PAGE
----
Are Right-Left Labels Obsolete?

chart4Many activists are starting to reject traditional liberal-conservative and left-right labels as overused and meaningless. Susan Clark and Wooden Teachout, writing in Slow Democracy (Chelsea Green Publishing 2012), seem to agree. One of the most valuable chapters in their book discusses the Cultural Cognition Project at Yale Law School. In their 2006-2007 Risk and Culture Study, the project conducted in-depth interviews with a random sample of 5,000 Americans. Guess what? The interviewees didn’t self-select into neat left-right or liberal-conservative camps. Instead their core beliefs could be plotted on a two dimensional grid based on attitudes towards hierarchical authority vs egalitarianism and individualism vs collective responsibility. The study results are available at Cultural Cognition Project

A hierarchical worldview considers authority natural and (often) God-given. An egalitarian worldview advocates that all people should be treated equally and have equal opportunities. Individualists believe that we’re all on our own and responsible for our own success or failure. Collectivists believe that the needs of the community take precedence over those of individuals and that society is responsible for ensuring that everyone has a chance to succeed.

The Four Quadrant View of Politics

In the Yale Law School study, nearly everyone fell into one of four quadrants. The hierarchist-individualists who landed in the upper left corner are the extreme free market entrepreneurs who maintain that greed is good – that the free market only functions well when thousands of individuals balance each other out by pursuing their own greedy self-interest.

In the upper right corner are the hierarchist-collectivists. Clark and Teachout cite the example of the Catholic Church. Catholics believe strongly in the traditional hierarchy of the church and family and their collective responsibility to everyone in the community.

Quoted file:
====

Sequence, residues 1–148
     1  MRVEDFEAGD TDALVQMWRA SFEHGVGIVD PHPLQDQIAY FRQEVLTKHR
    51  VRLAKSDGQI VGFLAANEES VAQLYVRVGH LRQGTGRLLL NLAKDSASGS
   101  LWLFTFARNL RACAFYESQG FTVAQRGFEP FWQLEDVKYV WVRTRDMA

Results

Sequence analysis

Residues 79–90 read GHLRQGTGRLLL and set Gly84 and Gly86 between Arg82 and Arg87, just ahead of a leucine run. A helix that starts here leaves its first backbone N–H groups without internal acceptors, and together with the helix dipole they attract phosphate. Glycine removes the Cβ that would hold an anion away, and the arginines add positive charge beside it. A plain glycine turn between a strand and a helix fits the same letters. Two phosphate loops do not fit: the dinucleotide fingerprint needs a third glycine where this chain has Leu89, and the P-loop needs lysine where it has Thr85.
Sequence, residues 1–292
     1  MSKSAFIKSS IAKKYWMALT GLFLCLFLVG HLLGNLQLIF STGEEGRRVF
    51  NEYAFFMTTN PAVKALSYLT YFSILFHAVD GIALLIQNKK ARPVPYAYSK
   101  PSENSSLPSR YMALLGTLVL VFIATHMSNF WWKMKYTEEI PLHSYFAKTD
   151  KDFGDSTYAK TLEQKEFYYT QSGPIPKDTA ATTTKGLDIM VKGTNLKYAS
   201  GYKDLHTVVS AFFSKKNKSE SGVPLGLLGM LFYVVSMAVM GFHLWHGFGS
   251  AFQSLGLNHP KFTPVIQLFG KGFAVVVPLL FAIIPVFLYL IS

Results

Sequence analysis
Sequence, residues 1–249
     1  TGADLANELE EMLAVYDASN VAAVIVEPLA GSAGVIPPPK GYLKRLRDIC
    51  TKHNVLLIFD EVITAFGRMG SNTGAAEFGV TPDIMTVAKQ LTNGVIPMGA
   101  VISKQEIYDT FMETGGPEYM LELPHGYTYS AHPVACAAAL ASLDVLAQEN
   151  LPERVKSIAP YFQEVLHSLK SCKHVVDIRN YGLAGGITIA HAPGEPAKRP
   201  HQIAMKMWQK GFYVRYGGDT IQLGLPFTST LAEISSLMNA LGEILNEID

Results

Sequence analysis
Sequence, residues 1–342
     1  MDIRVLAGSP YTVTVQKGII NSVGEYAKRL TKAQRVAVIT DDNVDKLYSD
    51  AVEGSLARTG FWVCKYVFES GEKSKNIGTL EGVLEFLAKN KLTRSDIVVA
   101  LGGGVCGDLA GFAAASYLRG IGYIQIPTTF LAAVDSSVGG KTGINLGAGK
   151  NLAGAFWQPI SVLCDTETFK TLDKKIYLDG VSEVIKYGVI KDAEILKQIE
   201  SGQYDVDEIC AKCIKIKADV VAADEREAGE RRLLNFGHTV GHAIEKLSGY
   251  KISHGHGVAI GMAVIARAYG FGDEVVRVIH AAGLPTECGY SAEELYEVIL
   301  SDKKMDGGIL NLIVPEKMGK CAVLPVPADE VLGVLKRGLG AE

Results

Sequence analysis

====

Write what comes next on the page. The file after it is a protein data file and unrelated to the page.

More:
Libertarians, the egalitarian-individualists, are found in the lower left corner. They believe in free markets and personal liberty and disapprove of any governmental role in the collective welfare of society. Most progressives fall in the lower right quadrant with the egalitarian collectivists, those who advocate for equal rights and believe we all have collective responsibility for one another.

The Significance of Red and Blue States

The vast majority of Americans, however, fell into one of two quadrants representing diametrically opposed worldviews. They were either hierarchist-individualist or egalitarian-collectivist. We see this reflected in the profound polarization between so-called Red and Blue states.

Voters’ attitudes towards global warming and gun control can be predicted by the quadrant they fell in. The Cultural Cognition Project also found that individuals who hold egalitarian and collectivist views more readily accept global warming arguments. In contrast, those with hierarchist-individualist views are more likely to favor industry and commerce and to be skeptical of policy that potentially threatens free enterprise.

In studying attitudes towards gun control, they found that hierarchists tend to associate guns with super masculinity and military valor and individualists with self-reliance and bravery. Egalitarians are more likely to link guns with racism and sexism and collectivists to view them as symptomatic of a breakdown in community trust and caring.

My Blip on the Grid (the little red oval below)

My first reaction on learning about the Cultural Cognition Project was to want to know where I fit on the grid, as a left libertarian who finds myself agreeing with Ron Paul on restoring the Bill of Rights, abolishing the Federal Reserve, ending the wars in the Middle East, and legalizing hemp and marijuana.

I also think I’m a collectivist, at least to some extent. I believe society is responsible for giving everyone a chance to succeed. However I’m also quite uncomfortable about living in a society where all personal liberties are sacrificed for the collective good of society. I have seen too many political systems, for example China and Cuba, masquerade as egalitarian-collectivist while they hand over absolute power to an authoritarian tyrant. I also have an innate distrust of group-speak. I can only function in a group if I am confident my individual concerns will be listened to and respected.

I’m curious what readers think of this four quadrant view of political ideology. Which quadrant do you fall in?